Physicists from the University of Luxembourg and their research partners have demonstrated for the first time in a comprehensive study how different magnetic materials can be examined using neutron scattering techniques. The scientists have published their insights in Reviews of Modern Physics.
From computers to loudspeakers to electric cars and wind turbines, most electronic devices contain magnetic materials. Understanding why magnetic materials have certain properties is crucial to refining these technologies. “The mesoscopic length scale, which is the regime between a nanometre and a micrometre, determines the properties of many materials. Elements in the microstructure of a material, such as the grain boundaries between crystal grains, have a major influence on the thermal, electric, magnetic and mechanical properties of a metal,” explains Andreas Michels, Associate Professor in Physics and Materials at the University of Luxembourg and one of the main authors of the paper.
Perhaps the most important method for examining processes at this level is neutron scattering. “Using neutron scattering techniques, you can get an inside look at these materials, similar to using an X-ray on other materials,” explains Michels. In order to achieve this result, the scientists first bombard samples of a material with a neutron beam. Magnetic interaction with the sample causes the neutrons to be diverted from their normal course. This scattering is determined through a detector. Using theoretical models, the scientists can then draw conclusions about the microstructure of the materials based on the pattern of the scattered neutrons.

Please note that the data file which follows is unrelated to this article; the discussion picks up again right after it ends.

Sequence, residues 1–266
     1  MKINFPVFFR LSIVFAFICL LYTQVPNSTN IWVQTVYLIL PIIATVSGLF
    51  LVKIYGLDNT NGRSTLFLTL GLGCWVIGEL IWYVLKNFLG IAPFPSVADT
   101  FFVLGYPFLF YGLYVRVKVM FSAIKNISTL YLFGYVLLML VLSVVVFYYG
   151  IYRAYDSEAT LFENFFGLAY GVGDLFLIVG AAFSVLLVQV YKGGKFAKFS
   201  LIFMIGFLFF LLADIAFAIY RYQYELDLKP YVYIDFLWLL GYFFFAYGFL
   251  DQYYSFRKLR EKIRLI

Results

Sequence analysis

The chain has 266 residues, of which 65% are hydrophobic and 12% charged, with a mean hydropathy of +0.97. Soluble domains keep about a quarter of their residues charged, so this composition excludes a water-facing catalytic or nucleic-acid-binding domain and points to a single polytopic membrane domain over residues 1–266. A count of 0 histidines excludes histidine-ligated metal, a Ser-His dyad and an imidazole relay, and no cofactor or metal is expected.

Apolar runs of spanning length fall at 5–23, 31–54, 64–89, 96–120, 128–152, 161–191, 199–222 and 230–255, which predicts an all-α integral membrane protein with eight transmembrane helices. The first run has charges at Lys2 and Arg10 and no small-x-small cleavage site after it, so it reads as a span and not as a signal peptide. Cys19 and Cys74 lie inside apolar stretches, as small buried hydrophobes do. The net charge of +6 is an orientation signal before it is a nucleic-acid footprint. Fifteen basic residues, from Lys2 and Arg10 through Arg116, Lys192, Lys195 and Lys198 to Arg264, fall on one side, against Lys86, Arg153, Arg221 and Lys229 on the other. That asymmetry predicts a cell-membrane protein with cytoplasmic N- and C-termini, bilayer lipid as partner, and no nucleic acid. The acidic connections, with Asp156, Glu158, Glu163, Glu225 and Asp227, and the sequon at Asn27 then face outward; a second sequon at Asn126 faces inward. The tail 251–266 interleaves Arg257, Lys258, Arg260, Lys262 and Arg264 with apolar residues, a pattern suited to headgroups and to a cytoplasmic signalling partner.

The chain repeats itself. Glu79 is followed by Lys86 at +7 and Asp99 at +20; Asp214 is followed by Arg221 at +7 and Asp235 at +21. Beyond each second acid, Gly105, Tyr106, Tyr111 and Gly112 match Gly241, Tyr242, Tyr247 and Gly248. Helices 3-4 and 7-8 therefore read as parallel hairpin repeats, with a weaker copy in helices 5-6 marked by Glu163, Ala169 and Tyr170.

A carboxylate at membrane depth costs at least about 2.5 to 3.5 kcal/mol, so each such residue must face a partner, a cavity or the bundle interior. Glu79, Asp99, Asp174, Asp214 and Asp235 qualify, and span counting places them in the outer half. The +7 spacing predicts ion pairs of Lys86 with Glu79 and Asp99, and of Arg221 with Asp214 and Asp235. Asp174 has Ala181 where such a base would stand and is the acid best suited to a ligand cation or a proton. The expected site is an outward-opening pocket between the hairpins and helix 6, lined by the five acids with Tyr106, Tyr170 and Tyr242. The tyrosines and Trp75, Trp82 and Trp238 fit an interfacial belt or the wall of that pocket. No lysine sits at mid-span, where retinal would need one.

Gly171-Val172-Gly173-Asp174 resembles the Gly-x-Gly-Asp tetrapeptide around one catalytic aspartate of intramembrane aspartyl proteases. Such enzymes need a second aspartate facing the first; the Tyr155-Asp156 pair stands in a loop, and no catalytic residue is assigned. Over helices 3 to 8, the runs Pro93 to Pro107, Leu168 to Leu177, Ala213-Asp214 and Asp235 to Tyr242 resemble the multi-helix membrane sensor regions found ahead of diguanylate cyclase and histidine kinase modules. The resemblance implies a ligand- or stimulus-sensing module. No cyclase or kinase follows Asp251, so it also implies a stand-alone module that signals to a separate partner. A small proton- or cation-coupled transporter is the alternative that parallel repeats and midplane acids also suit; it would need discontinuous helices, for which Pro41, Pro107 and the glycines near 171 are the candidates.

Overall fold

The review paper, which was produced in cooperation with researchers at Technical University of Munich, the University of Notre Dame, the University of Minnesota, the Institut Laue-Langevin and the Helmholtz-Zentrum Geesthacht, focuses on analysis techniques. “For the first time, we undertook a comprehensive study to determine which broad class of materials can be researched using neutron scattering techniques,” says Andreas Michels. “Among other things, we are interested in superconductors, permanent magnets, shape-memory alloys, ferrofluids — almost the whole spectrum of magnetic materials from specific uses to fundamental research in solid-state physics.”
The results of the work can be used by physicists and material researchers to get an overview of the range of applications for neutron scattering technology, but also by engineers to make predictions about load-bearing capacity, wear and tear, and the qualities of materials under changing conditions.
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